[llvm-dev] Bug-closing protocol

via llvm-dev llvm-dev at lists.llvm.org
Thu Jun 21 05:56:59 PDT 2018

So Reid, you'll be running a BoF on this at the October dev meeting? ☺

From: llvm-dev [mailto:llvm-dev-bounces at lists.llvm.org] On Behalf Of Reid Kleckner via llvm-dev
Sent: Wednesday, June 20, 2018 6:12 PM
To: JVApen at gmail.com
Cc: llvm-dev
Subject: Re: [llvm-dev] Bug-closing protocol

Thanks for taking the time to report bugs! I think you are responsible for filing the most high-quality clang-cl bugs.

I hope our bug responses continue to be helpful and informative, but things do often get lost in translation. =/

I also think there's a lot we could do to improve our bug hygiene and processes as a community. The way our bugzilla is configured, pinging bugs does not sent email to llvm-bugs@, so if an issue is not immediately triaged within a week after filing it, it's very unlikely that anyone will ever find it. As a community, we could set up rotations to triage stale bugs, but this takes resources, commitments, and planning. It's eminently doable, but it's not something that any one person or team of contributors can do on their own, so people tend to shy away from disturbing established processes.

On Mon, Jun 18, 2018 at 10:33 PM JVApen via llvm-dev <llvm-dev at lists.llvm.org<mailto:llvm-dev at lists.llvm.org>> wrote:
Hi all,

First of all, I'm sorry to create a separate thread on the mailing list, I have disabled all mails from it.

I just read the thread about the bug closing protocol thanks to LLVMWeekly. (http://lists.llvm.org/pipermail/llvm-dev/2018-June/123955.html)

I've noticed a lot of reactions from people involved with the solving part of the bugs. So I'm putting out the loggers point of view. (Or at least mine)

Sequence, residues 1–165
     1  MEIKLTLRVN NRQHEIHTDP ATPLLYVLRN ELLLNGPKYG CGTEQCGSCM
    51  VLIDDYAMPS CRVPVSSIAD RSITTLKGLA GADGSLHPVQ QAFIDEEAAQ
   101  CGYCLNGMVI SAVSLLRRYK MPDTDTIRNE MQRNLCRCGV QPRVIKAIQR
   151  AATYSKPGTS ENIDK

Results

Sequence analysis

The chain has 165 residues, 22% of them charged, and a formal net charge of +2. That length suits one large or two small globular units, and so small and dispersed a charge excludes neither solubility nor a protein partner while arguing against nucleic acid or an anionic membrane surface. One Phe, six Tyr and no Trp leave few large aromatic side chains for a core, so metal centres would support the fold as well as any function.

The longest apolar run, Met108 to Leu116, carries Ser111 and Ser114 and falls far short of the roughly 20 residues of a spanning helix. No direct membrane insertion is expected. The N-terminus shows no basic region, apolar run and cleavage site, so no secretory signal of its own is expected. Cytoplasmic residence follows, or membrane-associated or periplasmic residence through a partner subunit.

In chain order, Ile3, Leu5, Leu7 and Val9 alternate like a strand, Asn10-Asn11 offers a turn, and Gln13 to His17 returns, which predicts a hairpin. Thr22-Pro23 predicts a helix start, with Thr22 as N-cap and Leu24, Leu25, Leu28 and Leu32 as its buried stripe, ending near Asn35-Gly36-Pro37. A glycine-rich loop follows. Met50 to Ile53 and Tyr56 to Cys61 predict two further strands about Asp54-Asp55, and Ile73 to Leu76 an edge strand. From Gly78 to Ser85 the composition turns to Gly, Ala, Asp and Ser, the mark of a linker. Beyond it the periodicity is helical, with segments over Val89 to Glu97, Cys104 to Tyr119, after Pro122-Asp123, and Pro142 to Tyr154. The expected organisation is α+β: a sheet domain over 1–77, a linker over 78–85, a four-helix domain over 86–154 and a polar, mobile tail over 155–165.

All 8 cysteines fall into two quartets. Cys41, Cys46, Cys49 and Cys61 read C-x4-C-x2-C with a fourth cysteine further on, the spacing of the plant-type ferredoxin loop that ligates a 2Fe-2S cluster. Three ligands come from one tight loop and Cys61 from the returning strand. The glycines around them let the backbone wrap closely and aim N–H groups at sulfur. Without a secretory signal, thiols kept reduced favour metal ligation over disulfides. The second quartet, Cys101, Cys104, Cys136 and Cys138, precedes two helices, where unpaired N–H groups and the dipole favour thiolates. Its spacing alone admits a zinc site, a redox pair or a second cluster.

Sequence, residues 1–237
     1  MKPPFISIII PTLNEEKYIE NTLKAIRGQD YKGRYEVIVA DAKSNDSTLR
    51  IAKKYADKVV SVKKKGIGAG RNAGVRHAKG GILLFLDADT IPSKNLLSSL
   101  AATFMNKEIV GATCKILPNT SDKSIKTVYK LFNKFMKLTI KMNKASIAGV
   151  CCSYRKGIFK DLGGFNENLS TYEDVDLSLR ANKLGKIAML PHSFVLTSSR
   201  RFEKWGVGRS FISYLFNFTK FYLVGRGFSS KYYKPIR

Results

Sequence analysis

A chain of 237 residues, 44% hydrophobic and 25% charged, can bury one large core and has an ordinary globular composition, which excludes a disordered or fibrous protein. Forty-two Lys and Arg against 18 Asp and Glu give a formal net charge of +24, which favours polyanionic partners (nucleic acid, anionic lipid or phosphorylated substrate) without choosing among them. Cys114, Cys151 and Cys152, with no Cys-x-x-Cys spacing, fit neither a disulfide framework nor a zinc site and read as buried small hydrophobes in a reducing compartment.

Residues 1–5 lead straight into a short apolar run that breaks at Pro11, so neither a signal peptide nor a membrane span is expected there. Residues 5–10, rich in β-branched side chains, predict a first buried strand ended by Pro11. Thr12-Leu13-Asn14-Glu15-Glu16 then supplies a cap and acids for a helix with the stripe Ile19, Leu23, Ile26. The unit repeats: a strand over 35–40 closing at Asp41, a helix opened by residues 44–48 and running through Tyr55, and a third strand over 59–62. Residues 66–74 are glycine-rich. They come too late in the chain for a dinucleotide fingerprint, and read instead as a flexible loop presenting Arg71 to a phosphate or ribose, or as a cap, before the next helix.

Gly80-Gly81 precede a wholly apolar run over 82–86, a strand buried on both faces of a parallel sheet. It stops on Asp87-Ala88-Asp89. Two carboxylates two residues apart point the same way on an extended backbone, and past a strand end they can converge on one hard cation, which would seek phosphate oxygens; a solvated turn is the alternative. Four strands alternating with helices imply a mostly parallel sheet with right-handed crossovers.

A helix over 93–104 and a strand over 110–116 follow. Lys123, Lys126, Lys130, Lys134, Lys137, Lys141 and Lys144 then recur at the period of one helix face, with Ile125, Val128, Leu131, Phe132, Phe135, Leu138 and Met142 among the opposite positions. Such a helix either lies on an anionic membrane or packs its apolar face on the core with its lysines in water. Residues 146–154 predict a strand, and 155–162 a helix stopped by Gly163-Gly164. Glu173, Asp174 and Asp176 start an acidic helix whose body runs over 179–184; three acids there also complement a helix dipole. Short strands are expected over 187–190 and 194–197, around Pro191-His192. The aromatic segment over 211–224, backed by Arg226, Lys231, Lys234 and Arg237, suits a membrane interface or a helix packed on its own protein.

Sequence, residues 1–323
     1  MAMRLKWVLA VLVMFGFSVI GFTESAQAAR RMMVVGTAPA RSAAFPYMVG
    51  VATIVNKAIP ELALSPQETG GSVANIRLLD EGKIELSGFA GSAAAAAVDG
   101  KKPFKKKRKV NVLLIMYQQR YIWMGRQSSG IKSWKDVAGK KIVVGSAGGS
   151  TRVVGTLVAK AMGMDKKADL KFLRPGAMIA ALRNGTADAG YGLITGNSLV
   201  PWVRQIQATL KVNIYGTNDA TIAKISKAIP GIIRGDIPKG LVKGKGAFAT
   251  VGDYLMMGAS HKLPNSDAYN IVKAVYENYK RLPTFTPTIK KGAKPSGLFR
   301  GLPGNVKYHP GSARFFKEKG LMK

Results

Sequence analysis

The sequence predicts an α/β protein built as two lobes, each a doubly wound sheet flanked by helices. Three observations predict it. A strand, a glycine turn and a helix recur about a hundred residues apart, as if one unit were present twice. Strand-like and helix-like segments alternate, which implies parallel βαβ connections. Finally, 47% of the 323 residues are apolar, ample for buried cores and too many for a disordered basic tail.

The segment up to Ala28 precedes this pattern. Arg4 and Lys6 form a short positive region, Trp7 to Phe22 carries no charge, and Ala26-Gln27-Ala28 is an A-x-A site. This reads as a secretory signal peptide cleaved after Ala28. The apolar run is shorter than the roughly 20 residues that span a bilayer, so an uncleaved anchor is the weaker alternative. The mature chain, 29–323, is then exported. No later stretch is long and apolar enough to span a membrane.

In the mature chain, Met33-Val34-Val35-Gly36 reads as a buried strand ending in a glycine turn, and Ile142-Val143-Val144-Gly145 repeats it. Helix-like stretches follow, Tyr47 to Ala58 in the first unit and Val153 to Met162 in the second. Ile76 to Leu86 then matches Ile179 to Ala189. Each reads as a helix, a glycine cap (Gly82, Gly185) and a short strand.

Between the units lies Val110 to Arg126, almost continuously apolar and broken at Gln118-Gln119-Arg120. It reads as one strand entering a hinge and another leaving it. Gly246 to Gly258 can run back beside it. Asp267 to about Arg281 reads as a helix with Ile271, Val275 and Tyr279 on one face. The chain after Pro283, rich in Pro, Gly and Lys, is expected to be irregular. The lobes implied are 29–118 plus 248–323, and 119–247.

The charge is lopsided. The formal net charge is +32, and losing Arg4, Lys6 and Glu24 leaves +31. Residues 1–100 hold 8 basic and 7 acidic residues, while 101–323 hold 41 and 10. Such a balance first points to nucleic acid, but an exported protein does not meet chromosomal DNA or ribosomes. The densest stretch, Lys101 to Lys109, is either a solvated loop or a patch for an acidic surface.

I'm totally in favor of getting relevant information when a bug gets closed. Over the last couple of years, I've logged several bugs, of which a couple of clang-cl compatibility bugs where put to invalid.
Having a good explanation on why this is closed helped me a lot in manually fixing several thousand of occurrences of that pattern. Both mentally to not give up, as by understanding the problem.
Please keep doing so!

However, from my point of view, this is the tip of an iceberg. Out of about 50 bugs I've logged on a variety of modules, only half reached an end state. (Either fixed or invalid/won't fix).

My problem also lies in that other half, those bugs that have been open for more than 2 weeks (upto 5 years). Cause if you don't get a reaction within those 2 weeks, the chances of getting a reaction drop a lot. (Or if reactions suddenly stop)

When a bug goes into such a state, you are lost as a bug logger. It took me a couple of years getting our companies code compiling with clang-cl (linking is far future), working around obscure bugs of which I still don't know if you (as community/maintainer) agree if it is a bug.

To make matters worse, every time a component gets upgraded (internal library, extrernal library or even the tool-chain, including clang), there is a high probability of firefighting issues. Only when that fails, I spent time logging a bug (as creduce doesn't work on my system).

In the best case scenario, I get an event like this weekend that states: merged.
This means: I'm certain I'll have a fix in the future. Unfortunately, it is only available in the next official release, which will happen in September. And with a bit of luck, you can find back what the actual revision is, to see the diff. So for now, the code is ifdef-ed out for clang as it won't link anyhow.

In conclusion: I really respect the work you do, this puts the standard on a high level. Taking the time to inform the bug logger is a must have. However, it is not the only place were we as bug loggers are lacking information.

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